Will Americans Pay for the Euro Zone's Debt Crisis?

Most of us may have been informed of many aspects regarding the Euro zone's debt crisis and particularly of the risk that the EU members run of getting caught in a vicious cycle of instability, which would definitely cause disastrous effects on the financial system, not only in Europe but also in the rest of the world. But not many of us are aware of the reasons for which the European debt crisis should end with less possible negative effects.

There is no other choice ahead for European leaders except that of supporting the euro's currency survival by making radical decisions in terms of proving that at any given moment they respect the Europe's cornerstone: the prosperity and the solidarity among all European countries. After a long time of European political confusion, indecision and the inability of dealing with the problem of guarantees expected by the international markets, right now it has become common sense that the debt crisis does not concern only the European countries, but also the whole of Euro zone's members.

What's occurring in the European continent, should not be -- and is not -- isolated by what Americans set as their priority, namely, good prospects for their economy, creation of more job opportunities, increased exportation and greater competitiveness for the American products. The truth is that none of these economic targets can be met while the Euro zone's countries are struggling against the financial markets' intimidation, the even higher interest rates and the constant danger of an extending and persistent degradation for their high indebted economies.

While the European economy continues to remain under the cloud of uncertainty and insecurity for its future, the global economy, the major player of which is still the United States, is under the threat of being affected by the colossal spillovers reflected in terms of the micro and macro-economic level. Of course, American President Barack Obama is fully aware of the interconnectedness between the Euro zone's debt market and his presidency's goal of recovering American economy. At this point it needs to be highlighted that thanks to his intensive pressure towards the German Chancellor Angela Merkel in order that she soften her rigorous stance during the inner-European negotiations, the Euro zone's political leaders agreed on a temporary support mechanism for Greece and, lately, for Ireland.

The exceptional role of International Monetary Fund (IMF), lending billions of dollars through that mechanism, is not disengaged from the European political reactions. There is no doubt that the US economy would only lose by just standing as a passive spectator of the Euro zone's economic collapse, while it would only gain a lot by supporting the debt-ridden European countries.

Given that context, the intervention of IMF into the current rescue mechanism -- developed and put into practice for the first time in case of Greece -- strengthens the conviction according to which the overcome of Euro zone's crisis will be a victory for the US as well. By being the largest funder among many other countries in the IMF's executive office, the US is becoming a kind of guarantor for the Euro zone stability. Money given through the IMF' bailout to Greece, Ireland and probably to Portugal sooner or later is a lifeguard for those economies and, extensively, for the overall global system's balances. However, through the IMF bailout, the US is extending its financial alongside with its political influence on the Euro zone.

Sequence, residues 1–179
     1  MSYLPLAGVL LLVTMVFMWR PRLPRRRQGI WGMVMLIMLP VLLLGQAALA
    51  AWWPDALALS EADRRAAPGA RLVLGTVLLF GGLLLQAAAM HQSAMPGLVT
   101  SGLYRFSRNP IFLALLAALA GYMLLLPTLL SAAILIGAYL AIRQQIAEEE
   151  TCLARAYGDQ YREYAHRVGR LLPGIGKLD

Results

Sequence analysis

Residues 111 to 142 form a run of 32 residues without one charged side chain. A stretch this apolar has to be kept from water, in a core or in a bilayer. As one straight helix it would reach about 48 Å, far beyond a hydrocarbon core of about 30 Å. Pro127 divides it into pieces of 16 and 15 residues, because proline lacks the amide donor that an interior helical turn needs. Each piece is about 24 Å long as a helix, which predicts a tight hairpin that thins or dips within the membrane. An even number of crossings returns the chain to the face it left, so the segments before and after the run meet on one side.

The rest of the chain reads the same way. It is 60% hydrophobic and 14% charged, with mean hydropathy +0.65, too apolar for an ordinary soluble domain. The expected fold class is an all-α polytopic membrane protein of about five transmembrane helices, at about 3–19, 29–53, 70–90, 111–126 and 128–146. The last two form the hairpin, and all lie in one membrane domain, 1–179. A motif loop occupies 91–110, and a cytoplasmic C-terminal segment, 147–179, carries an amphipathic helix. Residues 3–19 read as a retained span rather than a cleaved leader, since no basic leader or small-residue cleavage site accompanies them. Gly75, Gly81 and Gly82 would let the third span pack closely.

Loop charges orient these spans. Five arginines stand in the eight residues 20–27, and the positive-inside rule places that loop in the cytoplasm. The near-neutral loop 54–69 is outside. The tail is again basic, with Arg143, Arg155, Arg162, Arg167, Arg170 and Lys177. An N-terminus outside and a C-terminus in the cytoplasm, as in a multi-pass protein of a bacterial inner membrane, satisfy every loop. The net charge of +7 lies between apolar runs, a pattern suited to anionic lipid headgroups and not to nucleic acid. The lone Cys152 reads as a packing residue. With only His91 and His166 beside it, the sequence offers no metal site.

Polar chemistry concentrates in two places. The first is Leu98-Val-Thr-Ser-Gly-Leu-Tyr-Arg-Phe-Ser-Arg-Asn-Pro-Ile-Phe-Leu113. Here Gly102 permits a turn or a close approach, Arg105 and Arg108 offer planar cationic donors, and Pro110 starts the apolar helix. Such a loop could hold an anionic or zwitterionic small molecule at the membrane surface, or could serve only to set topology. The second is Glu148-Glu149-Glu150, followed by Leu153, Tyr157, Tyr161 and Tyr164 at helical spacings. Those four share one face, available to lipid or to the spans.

With China having demonstrated its intention to buy European bonds, it is clear the Euro zone is being transformed into an area, where each one of these two world's economic leaders are trying to obtain much more financial, but mainly political impact. While China's Euro zone bond holdings are limited, the US through the IMF is enhancing its role as the principal financial partner to the Euro zone. The IMF has not apparently the authorization to participate into the oncoming new context of financial governance in the Euro zone, but certainly it has already established its distinctive role of participating in the European crisis resolution management for now and the near future.

European leaders constructed more than ten years ago the vision of a common currency among its members, but they didn't develop the appropriate mechanism for a solid not only monetary but also fiscal environment. Reacting to some Republicans statements, like those of House Republican Caucus vice Chairwoman Cathy McMorris Rodgers and House GOP Caucus Chairman Mike Pence, I need to express my surprise of how easily politics create false impressions. Of course, the case of debt-ridden Greece is not an example of a reliable economic management. But in that case, the problem was not only Greek. The crisis -- as we see today -- is concerning the total of the Euro zone and so the overall financial system.

Some American politicians by supporting the argument that US citizens cannot pay through the IMF's bailout for the Greek debt or the Euro zone's crisis, tend to oversimplify the reality. American citizens are not responsible for saving neither Greece nor Ireland or any other state of the Euro zone. But, it is in the American interest that the European countries overcome their economic difficulties, before the spread of economic contagion across the Atlantic Ocean. Hopefully, American President Obama confirms what Henry Kissinger had said that during a crisis making a bold choice and decision is often the safest way. No doubt that the current crisis requires such strong choices and decisions.